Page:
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Cohen, E. (2007). Enactments and Dissociations Driven by Cultural Differences. Am. J. Psychoanal., 67(1):22-29.

(2007). American Journal of Psychoanalysis, 67(1):22-29

Enactments and Dissociations Driven by Cultural Differences1

Etty Cohen, Ph.D.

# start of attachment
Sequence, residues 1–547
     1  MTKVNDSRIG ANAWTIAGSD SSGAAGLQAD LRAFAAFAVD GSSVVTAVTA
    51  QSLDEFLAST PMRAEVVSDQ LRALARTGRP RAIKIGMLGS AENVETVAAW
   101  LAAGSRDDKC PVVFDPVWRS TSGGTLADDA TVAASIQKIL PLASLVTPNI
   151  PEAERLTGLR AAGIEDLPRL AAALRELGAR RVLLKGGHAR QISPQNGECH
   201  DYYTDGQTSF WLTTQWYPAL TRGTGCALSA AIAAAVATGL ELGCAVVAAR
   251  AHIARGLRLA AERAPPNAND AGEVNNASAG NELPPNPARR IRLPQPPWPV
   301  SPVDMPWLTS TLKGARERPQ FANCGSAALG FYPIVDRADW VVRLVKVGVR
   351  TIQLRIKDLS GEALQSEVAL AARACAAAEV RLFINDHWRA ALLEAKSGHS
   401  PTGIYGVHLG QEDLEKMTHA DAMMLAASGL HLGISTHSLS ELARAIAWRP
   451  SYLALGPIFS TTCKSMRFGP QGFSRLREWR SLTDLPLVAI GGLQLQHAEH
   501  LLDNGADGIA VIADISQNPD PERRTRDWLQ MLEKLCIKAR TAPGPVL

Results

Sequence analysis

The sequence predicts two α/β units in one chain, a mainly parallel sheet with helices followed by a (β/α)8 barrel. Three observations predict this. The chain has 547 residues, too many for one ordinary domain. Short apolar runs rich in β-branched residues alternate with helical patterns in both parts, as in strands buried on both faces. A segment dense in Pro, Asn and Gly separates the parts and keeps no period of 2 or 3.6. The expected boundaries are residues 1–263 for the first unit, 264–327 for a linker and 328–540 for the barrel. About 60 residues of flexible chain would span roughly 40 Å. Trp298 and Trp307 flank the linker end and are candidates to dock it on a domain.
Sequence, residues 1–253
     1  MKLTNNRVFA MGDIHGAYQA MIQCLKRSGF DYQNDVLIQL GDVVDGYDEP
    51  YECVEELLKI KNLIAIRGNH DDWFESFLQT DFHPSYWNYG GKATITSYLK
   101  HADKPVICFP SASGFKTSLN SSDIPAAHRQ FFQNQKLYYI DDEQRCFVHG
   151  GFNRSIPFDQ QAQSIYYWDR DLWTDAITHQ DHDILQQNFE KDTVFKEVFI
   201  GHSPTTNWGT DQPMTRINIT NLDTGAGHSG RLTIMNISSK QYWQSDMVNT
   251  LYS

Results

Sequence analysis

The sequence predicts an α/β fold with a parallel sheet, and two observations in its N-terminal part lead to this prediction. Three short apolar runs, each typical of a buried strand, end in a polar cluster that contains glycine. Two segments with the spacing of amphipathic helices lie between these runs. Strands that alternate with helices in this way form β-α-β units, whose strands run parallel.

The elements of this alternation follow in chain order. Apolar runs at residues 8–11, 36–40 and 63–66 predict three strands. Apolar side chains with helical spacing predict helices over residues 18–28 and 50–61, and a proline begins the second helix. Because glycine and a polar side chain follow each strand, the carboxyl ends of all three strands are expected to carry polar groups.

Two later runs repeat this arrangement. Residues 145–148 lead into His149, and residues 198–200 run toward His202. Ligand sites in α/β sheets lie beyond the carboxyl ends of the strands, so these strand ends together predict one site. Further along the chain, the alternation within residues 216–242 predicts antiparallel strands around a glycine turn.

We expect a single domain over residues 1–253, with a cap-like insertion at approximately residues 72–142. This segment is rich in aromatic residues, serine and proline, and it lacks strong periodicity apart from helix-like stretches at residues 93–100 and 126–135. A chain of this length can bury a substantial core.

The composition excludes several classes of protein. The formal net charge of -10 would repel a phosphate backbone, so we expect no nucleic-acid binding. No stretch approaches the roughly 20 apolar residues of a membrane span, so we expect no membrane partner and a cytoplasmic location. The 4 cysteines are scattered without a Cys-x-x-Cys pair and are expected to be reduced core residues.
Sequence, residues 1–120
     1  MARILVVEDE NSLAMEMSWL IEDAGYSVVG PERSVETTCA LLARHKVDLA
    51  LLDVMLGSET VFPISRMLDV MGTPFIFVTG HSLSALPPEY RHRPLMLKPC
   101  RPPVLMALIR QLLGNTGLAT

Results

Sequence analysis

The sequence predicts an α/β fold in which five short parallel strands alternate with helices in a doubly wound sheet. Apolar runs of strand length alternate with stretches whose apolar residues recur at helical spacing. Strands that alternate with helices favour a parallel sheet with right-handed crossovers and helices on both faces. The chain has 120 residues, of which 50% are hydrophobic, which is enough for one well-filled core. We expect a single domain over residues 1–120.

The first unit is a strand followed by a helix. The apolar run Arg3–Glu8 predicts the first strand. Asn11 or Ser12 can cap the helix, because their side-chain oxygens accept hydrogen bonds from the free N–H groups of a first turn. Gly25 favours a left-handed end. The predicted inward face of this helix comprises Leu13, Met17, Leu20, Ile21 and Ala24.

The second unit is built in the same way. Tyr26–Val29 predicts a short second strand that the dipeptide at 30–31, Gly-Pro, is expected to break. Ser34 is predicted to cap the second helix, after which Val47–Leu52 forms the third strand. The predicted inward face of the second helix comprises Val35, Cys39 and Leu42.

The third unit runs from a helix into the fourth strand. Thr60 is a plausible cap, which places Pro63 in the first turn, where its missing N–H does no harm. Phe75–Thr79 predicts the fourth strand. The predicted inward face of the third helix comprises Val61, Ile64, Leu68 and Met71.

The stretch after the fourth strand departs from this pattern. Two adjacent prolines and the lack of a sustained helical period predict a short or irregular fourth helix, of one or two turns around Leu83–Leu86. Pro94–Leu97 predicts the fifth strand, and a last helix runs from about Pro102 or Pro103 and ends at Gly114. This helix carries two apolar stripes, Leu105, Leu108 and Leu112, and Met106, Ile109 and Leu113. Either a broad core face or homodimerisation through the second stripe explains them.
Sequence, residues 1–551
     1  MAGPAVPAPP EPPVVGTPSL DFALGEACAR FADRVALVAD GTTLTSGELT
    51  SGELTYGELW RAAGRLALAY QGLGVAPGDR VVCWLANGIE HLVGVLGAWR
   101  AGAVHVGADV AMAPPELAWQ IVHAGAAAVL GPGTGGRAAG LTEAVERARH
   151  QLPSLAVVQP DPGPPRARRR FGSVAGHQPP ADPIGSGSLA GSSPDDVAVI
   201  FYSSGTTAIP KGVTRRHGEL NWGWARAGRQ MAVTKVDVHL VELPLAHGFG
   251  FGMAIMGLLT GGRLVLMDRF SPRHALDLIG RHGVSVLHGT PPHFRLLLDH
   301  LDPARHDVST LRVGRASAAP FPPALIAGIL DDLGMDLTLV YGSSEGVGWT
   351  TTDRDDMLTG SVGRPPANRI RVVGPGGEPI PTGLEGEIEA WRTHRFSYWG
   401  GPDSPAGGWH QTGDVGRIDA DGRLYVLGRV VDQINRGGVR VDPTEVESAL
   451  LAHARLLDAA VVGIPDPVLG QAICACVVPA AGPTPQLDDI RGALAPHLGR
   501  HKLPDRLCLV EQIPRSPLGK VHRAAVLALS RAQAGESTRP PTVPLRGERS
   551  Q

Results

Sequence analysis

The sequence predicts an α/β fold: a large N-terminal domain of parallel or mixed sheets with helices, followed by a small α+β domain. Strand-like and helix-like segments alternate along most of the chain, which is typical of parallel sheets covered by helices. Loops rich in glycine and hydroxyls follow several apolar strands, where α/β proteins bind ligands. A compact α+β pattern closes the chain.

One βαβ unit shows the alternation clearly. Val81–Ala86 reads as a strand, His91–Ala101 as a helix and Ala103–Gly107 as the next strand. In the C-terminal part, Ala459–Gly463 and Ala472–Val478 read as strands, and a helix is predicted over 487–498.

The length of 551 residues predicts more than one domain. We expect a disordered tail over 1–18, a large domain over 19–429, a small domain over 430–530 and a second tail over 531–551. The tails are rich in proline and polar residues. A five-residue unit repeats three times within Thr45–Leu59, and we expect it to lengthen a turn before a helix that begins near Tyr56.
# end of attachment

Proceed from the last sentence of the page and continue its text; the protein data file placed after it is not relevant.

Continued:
Cultural differences between the analytic dyad can foster powerful transference-counter-transference feelings and potentially promote traumatic re-enactments. Those patients who are more directly affected by traumatic experiences may be able to verbalize what has happened to them only if they are convinced that their analysts are “taking in their horror, holding it for them, responding to it emotionally (reenacting) and giving it back in more modulated and containable” manner (Davies, 1997, p. 24). These mutual enactments that emerge in patients and their analysts can be understood as dissociated self-states. Clinical material is presented from the treatment of an African-American inner-city teenager and an Israeli teenage soldier to illustrate the emergence of enactments and dissociation in patient-analyst dyads.

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